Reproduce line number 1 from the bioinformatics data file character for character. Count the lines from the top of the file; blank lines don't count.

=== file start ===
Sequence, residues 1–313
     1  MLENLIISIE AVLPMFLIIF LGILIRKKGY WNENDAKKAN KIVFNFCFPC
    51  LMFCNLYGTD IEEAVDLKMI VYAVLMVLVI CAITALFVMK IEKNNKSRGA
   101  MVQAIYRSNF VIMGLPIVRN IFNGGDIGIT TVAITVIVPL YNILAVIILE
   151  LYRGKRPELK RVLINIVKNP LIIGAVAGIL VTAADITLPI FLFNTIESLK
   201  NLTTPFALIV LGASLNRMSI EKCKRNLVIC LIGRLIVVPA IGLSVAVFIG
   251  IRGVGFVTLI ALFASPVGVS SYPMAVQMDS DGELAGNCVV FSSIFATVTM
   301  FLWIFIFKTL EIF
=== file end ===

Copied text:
Sequence, residues 1–313